Social Media – What’s Now and What’s Next – 4As Transformation

Social Media – What’s Now and What’s Next – 4As Transformation

Social media has certainly evolved in the past 10 years -- and the ways in which we manage it have evolved too.

This was the topic of my presentation at 4As Transformation in Los Angeles, which kicked off with Management Practitioners Forum this weekend. This is an in-depth day for agency leaders covering topics ranging from women in creative leadership, pricing, new agency models and methodologies and more.

Social media is here to stay

Social media can no longer be seen as a passing fad – 40% of the world’s population use social platforms, a number that is only continuing to grow. It has changed the way we connect, communicate, organize, protest, buy, share, do business and behave.

Social channels have also evolved. They document the here and now rather than the curated and perfect, and content is shifting to an ephemeral world where messages sent one to one, or one to few disappear within 24 hours. Messaging apps such as Facebook Messenger, Snapchat and WhatsApp are the next growth area in the space - 80% of smartphone users will be using at least one in the next 18 months.  Live-streaming is no longer a spotty experience given the power of the devices we all hold in our pockets; social networks are experimenting with monetization of streams and original content deals. AI, celebrity influencers, advocates, measurement and the politicization of social channels are all other important shifts too, when it comes to social media in 2017.

Agency management of platforms has changed

How agencies manage social has shifted in line with the platforms. We have moved from social media gurus, through branded standalone departments to a world of integrated social thinkers. Operating systems and teams around a brand ensure social is at the heart of all work; strong platform partnerships allow for big social-first ideas and ‘t-shaped’ thinkers, who can go deep on social but who understand the rest of the agency landscape all help to deliver on this vision.

What makes great social?

Great social work today needs to make meaningful impact and connect to crowdculture, as the Fearless Girl did when she arrived just before International Women’s Day, sparking a fearless movement of her own. It should use the technologies around us, such as AI, which is powering Starbucks next generation of social customer care on Twitter.

It should give consumers a reason to tune in to live content, as brands including the New York Lottery have discovered with playful activations on Facebook Live. It should live its DNA through and through on social, as Denny’s and Netflix do effortlessly and amusingly. It should make use of the community around it; Glossier shows us how integrated this can be, working with its community both as an always on focus-group for product development and giving them Instagrammable moments via its gorgeous packaging, to allow them to share their love for the brand.

Trends to look out for in social
As we look to what’s next, expect to see ever more AI integrated into social media marketing. Intelligent bots will help both automate and monitor post performance and research, freeing up time for bigger creative endeavors. It will power the next wave of social customer care, with smart bots learning customers’ preferences and responding to lower level queries that do not need an in-person response. It is also behind the next wave of visual search; imagine advanced applications such as serving up an offer to a consumer in front of an out-of-home digital screen who has liked the corresponding brand on Facebook.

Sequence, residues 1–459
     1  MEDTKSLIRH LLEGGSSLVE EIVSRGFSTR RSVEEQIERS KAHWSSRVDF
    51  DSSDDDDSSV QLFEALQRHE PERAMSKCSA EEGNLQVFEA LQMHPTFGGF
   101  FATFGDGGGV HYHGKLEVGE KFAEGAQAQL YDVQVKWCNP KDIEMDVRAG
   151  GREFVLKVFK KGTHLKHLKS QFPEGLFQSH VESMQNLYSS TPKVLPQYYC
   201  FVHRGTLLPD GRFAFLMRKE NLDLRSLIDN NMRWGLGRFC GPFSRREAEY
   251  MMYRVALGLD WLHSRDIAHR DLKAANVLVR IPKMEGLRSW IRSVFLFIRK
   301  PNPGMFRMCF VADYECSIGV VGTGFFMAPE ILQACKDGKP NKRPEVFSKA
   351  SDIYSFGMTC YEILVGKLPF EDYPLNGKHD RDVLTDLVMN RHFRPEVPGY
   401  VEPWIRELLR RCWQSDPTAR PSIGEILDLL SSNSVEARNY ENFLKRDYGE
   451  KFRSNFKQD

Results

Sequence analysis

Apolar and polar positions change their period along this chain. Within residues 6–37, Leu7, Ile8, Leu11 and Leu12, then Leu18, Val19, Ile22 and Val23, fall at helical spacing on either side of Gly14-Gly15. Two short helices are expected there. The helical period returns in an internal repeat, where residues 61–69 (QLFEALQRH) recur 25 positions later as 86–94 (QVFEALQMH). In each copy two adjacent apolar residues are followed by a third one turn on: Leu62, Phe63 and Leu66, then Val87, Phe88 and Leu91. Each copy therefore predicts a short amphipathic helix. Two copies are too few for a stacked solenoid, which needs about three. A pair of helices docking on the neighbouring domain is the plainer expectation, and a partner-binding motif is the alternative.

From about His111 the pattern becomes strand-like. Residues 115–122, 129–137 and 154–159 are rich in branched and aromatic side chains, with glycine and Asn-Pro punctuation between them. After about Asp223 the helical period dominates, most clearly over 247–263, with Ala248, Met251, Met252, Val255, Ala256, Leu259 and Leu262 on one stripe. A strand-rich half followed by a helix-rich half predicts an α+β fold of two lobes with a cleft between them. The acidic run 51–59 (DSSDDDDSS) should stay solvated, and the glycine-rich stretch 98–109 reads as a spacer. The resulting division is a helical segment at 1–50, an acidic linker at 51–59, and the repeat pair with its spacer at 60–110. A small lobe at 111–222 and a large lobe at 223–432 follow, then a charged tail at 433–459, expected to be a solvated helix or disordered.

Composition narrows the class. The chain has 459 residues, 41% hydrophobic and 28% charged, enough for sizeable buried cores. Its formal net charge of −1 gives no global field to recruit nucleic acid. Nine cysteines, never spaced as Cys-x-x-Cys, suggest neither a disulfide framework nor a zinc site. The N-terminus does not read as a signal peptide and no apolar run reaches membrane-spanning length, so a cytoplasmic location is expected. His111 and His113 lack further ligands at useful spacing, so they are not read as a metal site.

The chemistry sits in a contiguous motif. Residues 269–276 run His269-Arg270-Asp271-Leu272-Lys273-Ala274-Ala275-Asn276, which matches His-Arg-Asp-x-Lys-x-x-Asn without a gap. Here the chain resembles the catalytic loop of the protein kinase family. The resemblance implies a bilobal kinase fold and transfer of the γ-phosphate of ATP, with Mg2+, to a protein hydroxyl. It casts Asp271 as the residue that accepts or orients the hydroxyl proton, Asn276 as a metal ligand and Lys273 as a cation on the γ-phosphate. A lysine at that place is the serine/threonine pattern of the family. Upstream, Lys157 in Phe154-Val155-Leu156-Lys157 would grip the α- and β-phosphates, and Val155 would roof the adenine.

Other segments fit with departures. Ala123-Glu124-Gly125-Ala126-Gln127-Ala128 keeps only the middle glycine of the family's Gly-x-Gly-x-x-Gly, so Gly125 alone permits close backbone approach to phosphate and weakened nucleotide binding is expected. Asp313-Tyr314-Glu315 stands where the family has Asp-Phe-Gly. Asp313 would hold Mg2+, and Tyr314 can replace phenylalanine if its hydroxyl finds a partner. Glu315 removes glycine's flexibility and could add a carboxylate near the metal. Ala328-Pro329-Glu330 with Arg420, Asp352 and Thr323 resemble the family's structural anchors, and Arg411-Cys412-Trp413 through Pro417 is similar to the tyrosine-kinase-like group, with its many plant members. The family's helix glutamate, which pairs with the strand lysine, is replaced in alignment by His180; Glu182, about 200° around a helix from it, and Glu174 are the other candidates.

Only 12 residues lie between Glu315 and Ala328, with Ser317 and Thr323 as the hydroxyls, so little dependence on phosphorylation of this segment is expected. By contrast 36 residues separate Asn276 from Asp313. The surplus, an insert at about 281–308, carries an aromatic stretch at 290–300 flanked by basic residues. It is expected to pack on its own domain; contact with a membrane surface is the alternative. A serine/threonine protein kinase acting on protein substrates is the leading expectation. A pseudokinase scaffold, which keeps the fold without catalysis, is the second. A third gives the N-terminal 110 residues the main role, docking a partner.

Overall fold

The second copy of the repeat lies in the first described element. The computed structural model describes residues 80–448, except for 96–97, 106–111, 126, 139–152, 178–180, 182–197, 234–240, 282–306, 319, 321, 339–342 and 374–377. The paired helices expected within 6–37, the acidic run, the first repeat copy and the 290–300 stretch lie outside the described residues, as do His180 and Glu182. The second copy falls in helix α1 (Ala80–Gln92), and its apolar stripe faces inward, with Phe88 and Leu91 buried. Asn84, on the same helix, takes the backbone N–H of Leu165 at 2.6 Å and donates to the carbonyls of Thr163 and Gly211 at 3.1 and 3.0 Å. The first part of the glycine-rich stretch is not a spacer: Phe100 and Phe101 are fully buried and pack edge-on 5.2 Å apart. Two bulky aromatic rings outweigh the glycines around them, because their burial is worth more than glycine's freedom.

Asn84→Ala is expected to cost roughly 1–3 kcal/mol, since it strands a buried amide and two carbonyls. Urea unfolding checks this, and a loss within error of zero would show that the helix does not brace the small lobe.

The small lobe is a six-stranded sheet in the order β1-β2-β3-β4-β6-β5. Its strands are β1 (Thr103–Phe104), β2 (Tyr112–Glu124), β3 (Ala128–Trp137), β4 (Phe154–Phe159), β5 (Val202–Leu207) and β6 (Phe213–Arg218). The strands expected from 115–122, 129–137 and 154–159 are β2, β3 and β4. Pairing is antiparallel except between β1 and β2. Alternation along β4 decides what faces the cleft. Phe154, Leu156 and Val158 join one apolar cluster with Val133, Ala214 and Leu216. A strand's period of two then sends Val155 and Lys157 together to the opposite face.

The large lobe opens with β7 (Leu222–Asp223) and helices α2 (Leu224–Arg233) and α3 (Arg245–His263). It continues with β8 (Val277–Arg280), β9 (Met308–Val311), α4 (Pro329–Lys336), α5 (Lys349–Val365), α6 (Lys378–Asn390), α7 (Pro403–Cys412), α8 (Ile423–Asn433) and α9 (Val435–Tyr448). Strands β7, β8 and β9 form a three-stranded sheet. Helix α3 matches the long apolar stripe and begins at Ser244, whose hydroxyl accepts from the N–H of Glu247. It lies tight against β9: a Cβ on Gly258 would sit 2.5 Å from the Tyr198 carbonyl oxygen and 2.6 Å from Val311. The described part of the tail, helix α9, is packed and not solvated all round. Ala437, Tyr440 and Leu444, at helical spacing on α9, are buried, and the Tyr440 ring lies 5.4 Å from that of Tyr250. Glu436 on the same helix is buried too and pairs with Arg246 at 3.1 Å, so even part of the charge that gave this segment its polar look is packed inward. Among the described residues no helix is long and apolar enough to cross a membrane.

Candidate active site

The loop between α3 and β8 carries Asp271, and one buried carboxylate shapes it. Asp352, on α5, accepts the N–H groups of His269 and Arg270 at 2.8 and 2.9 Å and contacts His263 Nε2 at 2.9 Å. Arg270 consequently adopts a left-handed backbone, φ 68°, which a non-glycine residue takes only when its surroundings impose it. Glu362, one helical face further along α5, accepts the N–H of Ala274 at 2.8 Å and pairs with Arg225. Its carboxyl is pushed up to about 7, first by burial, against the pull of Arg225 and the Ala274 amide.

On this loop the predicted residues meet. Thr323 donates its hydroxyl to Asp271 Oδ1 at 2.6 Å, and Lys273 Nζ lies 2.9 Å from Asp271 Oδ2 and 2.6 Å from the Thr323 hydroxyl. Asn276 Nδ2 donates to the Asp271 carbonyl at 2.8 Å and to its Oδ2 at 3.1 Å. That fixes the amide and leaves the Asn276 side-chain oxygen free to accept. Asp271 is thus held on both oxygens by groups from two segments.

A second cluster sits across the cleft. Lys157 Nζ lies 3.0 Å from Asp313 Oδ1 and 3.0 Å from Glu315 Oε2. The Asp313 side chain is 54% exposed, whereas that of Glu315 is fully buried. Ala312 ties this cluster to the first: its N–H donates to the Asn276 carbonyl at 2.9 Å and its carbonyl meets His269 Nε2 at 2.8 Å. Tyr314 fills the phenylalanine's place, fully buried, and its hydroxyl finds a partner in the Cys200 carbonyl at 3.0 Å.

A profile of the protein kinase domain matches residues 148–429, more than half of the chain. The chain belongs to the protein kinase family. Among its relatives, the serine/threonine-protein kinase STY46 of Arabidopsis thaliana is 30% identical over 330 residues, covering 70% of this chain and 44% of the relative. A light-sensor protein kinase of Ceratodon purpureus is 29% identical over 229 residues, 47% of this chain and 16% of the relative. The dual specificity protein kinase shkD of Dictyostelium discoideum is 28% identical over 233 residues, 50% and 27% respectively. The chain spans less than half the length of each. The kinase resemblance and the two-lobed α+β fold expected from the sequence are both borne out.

We have moved into the era of Personal Social. So as in real life, humans are gathering in the spaces and places they feel welcome and connected. One-on-one messaging is an extension of finding safe haven in social networks – the ability to connect with known users, privately and without fear, judgment or trolling. Marketers need to be ready for that and to think ahead when it comes to their own community management, publishing and content creation.

Eight hundred and forty million Chinese consumers use WeChat, which is having an increasing influence on social channels in the West. Expect to see more WeChat features seeping into the messaging apps we use. WeChat launched its Mini Programs earlier this year, which are essentially apps within the platform. Will Facebook go ahead and launch something similar within its Messenger ecosystem?

We live in a camera-first world, with Stories becoming the new news feed for a visual and ephemeral generation. Snapchat is the self anointed leader of that space and we watch to see what the company that brought us Spectacles will do next -- and how quickly the other platforms follow suit. User reaction is also going to be very interesting – do we need Stories in multiple platforms? Will we connect with our favorite clothing brands in each one or broadcast live video in each one? Time will tell.

So yes, social media really has evolved over the past 10 years. The next 10 are going to be even more interesting to behold too. Look out for my 2027 report!

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